CRIES TO ASSESS TRAIN AMR) DEV LOPISIIP OIIEAV DJE IIt N lf METHODS TO IMP 4 IIVE TRNNO f ACTIVE APAIP Amu RES CC#,p UNITS LIINGITOOINAL RSCH ON4 AOJ OF...AN FIEL FAIITE -ACE UNE NAUA ’ NIO SI~AE JOTCNgFA ’NC A AIL IVIOSUYtANEI HRCEACSO U-Cm 441 54FLVS 74H-N FAIIY Coc 640 ClpAlt FLIG14 NAVAL...ANDd tfECHNICAL TI6VELOPMENT IN TERRESTRIAL, ALRIJSPACL, OPTICAL ANO SILAR PHYSICS, IN E14 PROPAGATION, ANti IN LIECT611HICS, ENERGY CWI4VEHSIIn

  18. Ginsan activated the antioxidant defense systems in irradiated mice

    Energy Technology Data Exchange (ETDEWEB)

    Song, Jie Young; Son, Soo Jung; Ahn, Ji Yeon; Shim, Ji Young; Han, Young Soo; Jung, In Sung; Yun, Yeon Sook [KIRMS Daegu (Korea, Republic of)

    2003-07-01

    Ginsan, a polysaccharide extracted from Panax ginseng, has hematopoietic activity and is also known as a good biological-response modifier. In this investigation, we studied the effects of ginsan on the {gamma}-radiation induced alterations of some antioxidant systems in spleen of Balb/c mice. There are many data that irradiation induces Reactive Oxygen Species (ROS), which plays an important causative role in radiation damage of cell. The level of ROS in cells is regulated by enzymatic and nonenzymatic antioxidant systems. The most powerful ones among them are superoxide dismutases (SODs) catalyzing the dismutation of superoxide anion radical o{sub 2} to H{sub 2}O{sub 2}, catalase deactivating h-2O{sub 2} and reduced glutathion (GSH) detoxifying H{sub 2}O{sub 2} and other ROS> At the 5{sub th} day after sublethal whole body irradiation, splenocytes of irradiated mice expressed only marginally increased levels of Mn-SOD, however, Cu/Zn-SOD, catalase, thioredoxine reductase (TR) and thioredoxine (TRX) mRNA (135% increase compared to control), however, the combination of irradiation with ginsan increased the SODs and GPX production more effectively. In addition to the above results, we obtained the similar data of protein expression. The enzyme activities of SOD, catalase, and GPX of ginsan-treated and irradiated mice were significantly enhanced by 140, 115, 126% respectively, compared with those of irradiated mice. Based on these results, we propose that the induction of antioxidant enzymes of ginsan is at least in part due to its capacity to protect against radiation.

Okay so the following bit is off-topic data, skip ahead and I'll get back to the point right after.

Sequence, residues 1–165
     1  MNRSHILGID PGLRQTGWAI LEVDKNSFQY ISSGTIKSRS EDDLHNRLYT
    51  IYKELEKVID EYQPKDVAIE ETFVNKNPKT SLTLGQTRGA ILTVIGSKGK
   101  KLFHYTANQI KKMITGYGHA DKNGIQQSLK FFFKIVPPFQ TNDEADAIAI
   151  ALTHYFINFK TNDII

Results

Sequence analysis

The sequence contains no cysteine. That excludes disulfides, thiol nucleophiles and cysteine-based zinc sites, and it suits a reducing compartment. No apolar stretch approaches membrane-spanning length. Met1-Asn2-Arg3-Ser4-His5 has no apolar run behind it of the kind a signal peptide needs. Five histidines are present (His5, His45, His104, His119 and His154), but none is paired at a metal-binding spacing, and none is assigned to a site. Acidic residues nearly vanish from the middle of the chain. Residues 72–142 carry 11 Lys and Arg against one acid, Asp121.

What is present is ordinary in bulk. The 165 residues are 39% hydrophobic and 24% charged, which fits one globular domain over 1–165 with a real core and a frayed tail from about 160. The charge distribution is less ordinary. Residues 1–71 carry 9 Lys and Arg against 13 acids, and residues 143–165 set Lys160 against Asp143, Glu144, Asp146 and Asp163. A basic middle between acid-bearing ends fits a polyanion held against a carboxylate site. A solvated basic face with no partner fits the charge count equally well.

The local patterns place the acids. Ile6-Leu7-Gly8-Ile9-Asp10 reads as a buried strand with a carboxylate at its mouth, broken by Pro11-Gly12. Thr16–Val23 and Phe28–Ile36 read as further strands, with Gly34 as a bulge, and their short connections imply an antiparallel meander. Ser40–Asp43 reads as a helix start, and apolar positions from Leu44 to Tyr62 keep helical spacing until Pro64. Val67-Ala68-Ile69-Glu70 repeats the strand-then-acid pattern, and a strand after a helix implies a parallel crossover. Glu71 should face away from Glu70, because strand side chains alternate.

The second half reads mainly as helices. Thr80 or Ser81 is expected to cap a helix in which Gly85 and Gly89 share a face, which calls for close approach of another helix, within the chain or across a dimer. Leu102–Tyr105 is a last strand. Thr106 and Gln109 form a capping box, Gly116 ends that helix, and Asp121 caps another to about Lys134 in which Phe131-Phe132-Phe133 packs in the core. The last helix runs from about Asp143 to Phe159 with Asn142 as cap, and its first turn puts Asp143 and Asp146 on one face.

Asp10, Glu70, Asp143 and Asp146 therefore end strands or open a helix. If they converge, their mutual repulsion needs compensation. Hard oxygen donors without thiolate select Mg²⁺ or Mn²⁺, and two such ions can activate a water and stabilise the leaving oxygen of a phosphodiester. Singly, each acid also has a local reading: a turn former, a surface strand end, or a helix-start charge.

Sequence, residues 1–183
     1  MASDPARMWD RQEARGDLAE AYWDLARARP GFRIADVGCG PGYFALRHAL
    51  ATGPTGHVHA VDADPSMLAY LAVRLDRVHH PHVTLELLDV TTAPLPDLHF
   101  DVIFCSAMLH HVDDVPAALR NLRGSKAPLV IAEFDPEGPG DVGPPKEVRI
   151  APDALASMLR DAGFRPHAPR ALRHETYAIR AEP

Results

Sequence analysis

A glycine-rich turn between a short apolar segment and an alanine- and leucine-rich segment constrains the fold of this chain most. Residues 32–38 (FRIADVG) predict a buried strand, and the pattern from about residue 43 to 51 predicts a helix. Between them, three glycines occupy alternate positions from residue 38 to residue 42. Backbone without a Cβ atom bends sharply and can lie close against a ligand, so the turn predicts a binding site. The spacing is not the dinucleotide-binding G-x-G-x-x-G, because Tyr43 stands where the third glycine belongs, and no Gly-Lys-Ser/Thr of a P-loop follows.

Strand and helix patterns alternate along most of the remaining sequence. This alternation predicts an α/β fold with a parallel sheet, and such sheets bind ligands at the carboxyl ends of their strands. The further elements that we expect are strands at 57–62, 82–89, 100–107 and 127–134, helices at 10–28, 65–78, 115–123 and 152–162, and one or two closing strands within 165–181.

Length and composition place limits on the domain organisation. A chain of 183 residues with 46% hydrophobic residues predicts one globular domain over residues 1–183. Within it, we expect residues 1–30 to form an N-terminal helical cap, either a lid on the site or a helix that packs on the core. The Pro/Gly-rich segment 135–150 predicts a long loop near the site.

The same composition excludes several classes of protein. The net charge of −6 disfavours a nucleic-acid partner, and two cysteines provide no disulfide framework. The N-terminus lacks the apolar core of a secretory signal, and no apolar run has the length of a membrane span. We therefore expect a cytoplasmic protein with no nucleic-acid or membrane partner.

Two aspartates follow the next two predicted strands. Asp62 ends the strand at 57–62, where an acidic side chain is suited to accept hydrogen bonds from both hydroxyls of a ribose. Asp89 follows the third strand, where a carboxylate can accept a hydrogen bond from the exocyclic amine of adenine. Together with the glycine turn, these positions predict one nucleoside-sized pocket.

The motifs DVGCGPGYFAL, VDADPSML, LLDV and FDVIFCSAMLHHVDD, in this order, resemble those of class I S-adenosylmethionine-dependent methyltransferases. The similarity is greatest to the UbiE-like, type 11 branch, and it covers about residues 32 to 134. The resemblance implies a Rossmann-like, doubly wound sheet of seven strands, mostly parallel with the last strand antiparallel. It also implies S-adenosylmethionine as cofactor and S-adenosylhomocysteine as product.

19. Space activity and programs at Sofradir

    Science.gov (United States)

    Bouakka-Manesse, A.; Jamin, N.; Delannoy, A.; Fièque, B.; Leroy, C.; Pidancier, P.; Vial, L.; Chorier, P.; Péré Laperne, N.

    2016-10-01